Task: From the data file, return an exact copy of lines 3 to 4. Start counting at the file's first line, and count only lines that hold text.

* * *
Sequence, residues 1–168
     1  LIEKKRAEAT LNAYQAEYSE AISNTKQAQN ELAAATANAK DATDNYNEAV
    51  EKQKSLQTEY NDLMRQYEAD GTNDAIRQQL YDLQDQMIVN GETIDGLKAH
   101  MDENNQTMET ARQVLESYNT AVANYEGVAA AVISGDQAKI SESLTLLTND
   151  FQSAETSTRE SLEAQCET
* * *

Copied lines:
    51  EKQKSLQTEY NDLMRQYEAD GTNDAIRQQL YDLQDQMIVN GETIDGLKAH
   101  MDENNQTMET ARQVLESYNT AVANYEGVAA AVISGDQAKI SESLTLLTND